Initiative 1515, a campaign to restrict bathroom and locker-room access for transgender people, canceled an appointment to turn in signatures on Friday.
The proposed initiative to restrict bathroom and locker-room access for transgender people won’t be on Washington state’s November election ballot.
The campaign in support of Initiative 1515 indicated Thursday it couldn’t gather the 246,000 signatures needed, according to David Ammons, spokesman for the Washington Secretary of State’s Office.
The I-1515 campaign, Just Want Privacy, had struggled to raise funds and faced an array of opposition, including from major corporations such as Airbnb, Amazon, Microsoft and Google.
The campaign came about after a state regulation by the Human Rights Commission took effect in December, guaranteeing access to locker rooms, restrooms and similar facilities according to an individual’s gender identity. It affects public and private buildings, including schools, restaurants, stores and most places of employment. The commission has said the rule just clarifies a 2006 state law.
Most Read Local Stories
- Grand jury charges witness with lying about suspect in 2001 slaying of federal prosecutor Thomas Wales
- In blue Seattle, Trump supporters are starting to come out of hiding | Danny Westneat
- Dump truck crashes into Subway sandwich shop in Seattle's Pioneer Square, 5 injured VIEW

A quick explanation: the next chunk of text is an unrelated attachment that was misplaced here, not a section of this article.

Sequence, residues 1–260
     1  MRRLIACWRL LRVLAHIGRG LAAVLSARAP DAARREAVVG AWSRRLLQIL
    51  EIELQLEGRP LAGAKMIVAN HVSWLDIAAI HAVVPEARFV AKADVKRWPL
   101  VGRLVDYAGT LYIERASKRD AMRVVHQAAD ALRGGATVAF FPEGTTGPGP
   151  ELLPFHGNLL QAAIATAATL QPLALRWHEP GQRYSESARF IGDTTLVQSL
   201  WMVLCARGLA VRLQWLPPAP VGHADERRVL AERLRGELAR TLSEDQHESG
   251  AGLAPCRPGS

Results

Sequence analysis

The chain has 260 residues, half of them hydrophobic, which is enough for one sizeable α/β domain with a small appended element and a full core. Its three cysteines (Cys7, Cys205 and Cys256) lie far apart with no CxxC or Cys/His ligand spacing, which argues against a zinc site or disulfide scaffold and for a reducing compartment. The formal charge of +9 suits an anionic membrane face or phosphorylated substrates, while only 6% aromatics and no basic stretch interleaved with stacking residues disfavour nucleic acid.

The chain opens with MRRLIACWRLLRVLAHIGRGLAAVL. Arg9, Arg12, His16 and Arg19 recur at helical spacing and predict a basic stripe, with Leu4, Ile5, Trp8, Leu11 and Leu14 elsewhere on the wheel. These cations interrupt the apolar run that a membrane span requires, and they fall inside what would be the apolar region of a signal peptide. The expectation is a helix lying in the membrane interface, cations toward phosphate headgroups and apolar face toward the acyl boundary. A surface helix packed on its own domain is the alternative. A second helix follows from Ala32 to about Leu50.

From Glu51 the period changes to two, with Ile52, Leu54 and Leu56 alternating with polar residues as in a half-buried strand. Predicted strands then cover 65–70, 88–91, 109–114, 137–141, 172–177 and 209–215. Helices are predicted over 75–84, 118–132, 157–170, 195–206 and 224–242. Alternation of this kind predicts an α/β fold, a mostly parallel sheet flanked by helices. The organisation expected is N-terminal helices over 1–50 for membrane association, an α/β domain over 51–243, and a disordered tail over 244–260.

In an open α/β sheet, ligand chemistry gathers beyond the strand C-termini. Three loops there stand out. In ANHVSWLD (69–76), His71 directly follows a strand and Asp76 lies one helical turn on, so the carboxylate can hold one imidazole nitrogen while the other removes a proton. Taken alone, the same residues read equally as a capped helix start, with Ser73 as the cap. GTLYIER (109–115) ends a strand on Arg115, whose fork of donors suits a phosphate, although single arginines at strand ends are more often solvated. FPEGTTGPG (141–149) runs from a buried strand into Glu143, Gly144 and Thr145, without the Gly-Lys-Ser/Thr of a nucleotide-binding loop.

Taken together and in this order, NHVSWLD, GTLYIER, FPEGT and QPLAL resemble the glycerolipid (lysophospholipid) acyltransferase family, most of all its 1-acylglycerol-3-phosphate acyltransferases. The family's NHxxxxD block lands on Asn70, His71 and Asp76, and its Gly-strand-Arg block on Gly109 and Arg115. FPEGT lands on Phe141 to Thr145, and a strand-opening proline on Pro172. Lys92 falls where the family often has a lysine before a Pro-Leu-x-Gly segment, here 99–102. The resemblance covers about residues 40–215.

- No new bottom line in Everett’s bikini barista brouhaha
- Seattle weather this week has it all: hot and sunny, cool and rainy, and back again. Here's what to expect.
But it ignited a backlash among some conservatives and others who said they worry such access would allow sexual predators to more easily enter private spaces and potentially harm women and children.
A push by some in the GOP to roll back the commission’s law failed in a February vote of the state Senate, spurring the idea for the initiative campaign.
I-1515 would have amended state anti-discrimination law so that access to “private facilities” could be limited to those who are “biologically” male or female regardless of how they identify, according to a summary of the ballot measure.
It also called for limiting state and local regulations regarding gender-identity discrimination and permitting lawsuits against schools that allow access to facilities based on gender identity.
Seth Kirby, a transgender man and chairman of Washington Won’t Discriminate, a campaign opposing the initiative, hailed the news.
“Washingtonians have sent a clear message — we won’t discriminate,” Kirby said in a statement.
“Washingtonians value fairness and equality and we believe that everyone in our state should be able to earn a living, frequent a business, earn an education, and raise a family free from the fear of discrimination,” he added later.
The failure to get enough signatures is not a complete surprise. Joseph Backholm, who heads the Family Policy Institute of Washington and has been one of I-1515’s leaders, acknowledged in mid-June that fundraising was slow.